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Group Targets Obama Adviser Jarrett On Proxy Access

   By Victoria McGrane 

WASHINGTON -(Dow Jones)- A leading association of institutional investors is urging its members to directly contact senior White House adviser Valerie Jarrett in a bid to quash efforts to set a threshold for shareholders to gain so-called proxy access to nominate their own candidates in corporate elections.

At issue is a provision in the financial-overhaul bill that would give the Securities and Exchange Commission explicit authority to write a rule giving easier access to corporate voting, or proxy access. Senate Banking Chairman Christopher Dodd (D., Conn.), with the support of Senate Republicans, moved Thursday to require shareholders to collectively own 5% of outstanding shares for at least two years for proxy access.

The Senate lawmakers voted to defeat, 8-4, an attempt by Sen. Charles Schumer (D., N.Y.) to strike out the threshold.

After that vote, the Council for Institutional Investors sent its members an "urgent" e-mail alert, asking them to call Jarrett Thursday and voice opposition to the Senate change. The group represents public, union and corporate pension funds with combined assets of more than $3 trillion. The group argues that the 5% threshold would effectively bar their members from gaining proxy access.

"As a senior advisor to President Obama, Jarrett has significant influence over the ongoing House-Senate conference committee negotiations, particularly regarding the proxy access provision of the base text," the alert said.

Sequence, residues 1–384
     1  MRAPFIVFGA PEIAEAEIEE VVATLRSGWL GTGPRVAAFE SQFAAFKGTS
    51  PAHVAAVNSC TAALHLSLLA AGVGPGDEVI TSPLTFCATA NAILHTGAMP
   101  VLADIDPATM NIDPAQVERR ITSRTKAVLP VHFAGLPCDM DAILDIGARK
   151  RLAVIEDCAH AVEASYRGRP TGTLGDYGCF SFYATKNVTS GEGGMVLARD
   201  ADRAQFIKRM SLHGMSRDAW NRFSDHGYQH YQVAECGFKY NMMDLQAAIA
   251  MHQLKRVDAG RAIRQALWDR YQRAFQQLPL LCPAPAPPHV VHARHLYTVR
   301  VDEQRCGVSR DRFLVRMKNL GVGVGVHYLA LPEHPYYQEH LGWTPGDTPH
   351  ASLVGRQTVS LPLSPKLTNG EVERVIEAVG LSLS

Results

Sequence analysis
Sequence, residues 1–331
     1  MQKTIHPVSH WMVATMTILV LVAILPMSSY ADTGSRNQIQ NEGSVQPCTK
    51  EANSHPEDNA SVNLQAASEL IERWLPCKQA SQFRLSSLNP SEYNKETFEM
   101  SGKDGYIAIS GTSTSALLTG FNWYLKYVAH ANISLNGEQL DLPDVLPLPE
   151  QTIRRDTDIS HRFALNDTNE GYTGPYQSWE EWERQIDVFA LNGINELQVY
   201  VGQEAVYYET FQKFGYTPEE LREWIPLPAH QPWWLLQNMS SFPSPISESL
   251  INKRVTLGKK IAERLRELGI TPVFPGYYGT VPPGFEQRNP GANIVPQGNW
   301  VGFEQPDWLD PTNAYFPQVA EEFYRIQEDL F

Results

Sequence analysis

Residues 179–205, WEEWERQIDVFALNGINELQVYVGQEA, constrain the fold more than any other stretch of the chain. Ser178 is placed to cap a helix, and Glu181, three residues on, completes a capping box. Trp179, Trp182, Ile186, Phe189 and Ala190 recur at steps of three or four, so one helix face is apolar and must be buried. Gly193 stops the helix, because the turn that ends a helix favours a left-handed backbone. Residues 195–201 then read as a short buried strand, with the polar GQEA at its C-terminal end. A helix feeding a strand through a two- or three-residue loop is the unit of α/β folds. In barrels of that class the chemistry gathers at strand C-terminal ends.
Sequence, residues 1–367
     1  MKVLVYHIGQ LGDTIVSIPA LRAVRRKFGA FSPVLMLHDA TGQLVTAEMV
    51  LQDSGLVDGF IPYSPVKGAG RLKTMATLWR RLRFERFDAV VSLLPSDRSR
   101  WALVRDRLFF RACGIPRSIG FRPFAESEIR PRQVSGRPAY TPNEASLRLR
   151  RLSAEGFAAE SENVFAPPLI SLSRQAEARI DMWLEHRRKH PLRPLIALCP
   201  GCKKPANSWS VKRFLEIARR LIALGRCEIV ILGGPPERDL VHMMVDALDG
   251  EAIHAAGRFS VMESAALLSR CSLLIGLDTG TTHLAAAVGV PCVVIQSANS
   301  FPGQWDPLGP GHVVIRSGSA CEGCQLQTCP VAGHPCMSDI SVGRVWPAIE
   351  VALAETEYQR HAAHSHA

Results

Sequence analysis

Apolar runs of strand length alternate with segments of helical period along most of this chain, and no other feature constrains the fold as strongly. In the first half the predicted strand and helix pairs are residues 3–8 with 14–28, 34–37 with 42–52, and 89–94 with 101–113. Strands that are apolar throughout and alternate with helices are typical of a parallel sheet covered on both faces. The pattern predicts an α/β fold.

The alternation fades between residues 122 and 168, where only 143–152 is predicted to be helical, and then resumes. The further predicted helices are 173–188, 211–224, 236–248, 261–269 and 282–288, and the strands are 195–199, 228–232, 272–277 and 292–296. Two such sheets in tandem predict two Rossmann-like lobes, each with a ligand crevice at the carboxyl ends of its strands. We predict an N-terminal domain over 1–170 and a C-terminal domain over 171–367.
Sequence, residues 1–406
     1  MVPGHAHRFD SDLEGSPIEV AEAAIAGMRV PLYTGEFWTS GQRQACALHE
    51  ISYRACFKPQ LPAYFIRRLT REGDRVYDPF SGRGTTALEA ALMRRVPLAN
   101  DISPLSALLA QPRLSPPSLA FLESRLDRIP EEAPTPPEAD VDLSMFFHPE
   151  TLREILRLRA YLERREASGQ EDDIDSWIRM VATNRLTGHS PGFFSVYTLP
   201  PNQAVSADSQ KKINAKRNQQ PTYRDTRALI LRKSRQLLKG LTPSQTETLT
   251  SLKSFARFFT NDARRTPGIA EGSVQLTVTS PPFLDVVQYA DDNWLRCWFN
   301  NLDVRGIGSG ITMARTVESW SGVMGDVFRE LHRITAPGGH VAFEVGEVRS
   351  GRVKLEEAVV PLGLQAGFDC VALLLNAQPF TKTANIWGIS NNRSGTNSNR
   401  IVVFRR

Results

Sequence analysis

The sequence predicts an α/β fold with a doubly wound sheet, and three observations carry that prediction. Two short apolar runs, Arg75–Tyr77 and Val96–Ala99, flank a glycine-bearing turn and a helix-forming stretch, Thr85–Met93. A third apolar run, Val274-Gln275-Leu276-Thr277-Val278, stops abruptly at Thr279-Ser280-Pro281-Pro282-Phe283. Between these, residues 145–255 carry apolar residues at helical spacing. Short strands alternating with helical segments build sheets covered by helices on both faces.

The White House has been the leading force pressing for the 5% threshold, said a person close to the negotiations.

An administration official said that proxy access was not part of the administration's original financial overhaul proposals, and the White House has not taken an explicit position on the issue.

"We understand the concerns from the business community about this issue and have heard from business leaders," the official said. Jarrett has not made any calls to Capitol Hill on the issue, the official said.

CFA Institute, an association for investment professionals, also weighed in on proxy access Thursday. CFA Institute Managing Director Kurt Schacht wrote in a letter to conferees that the proposed 5% threshold would "render this important shareowner right useless."

Schacht argued that Congress isn't the best entity to determine the threshold for proxy voting. "We believe the Securities and Exchange Commission, which functions in closer proximity to issuers and investors alike, is in a better position to determine what ownership threshold is appropriate."


-By Victoria McGrane, Dow Jones Newswires; 202 862 9267;

(Fawn Johnson and Damian Paletta contributed to this story.)


(END) Dow Jones Newswires

June 17, 2010 18:15 ET (22:15 GMT)

Copyright (c) 2010 Dow Jones & Company, Inc.

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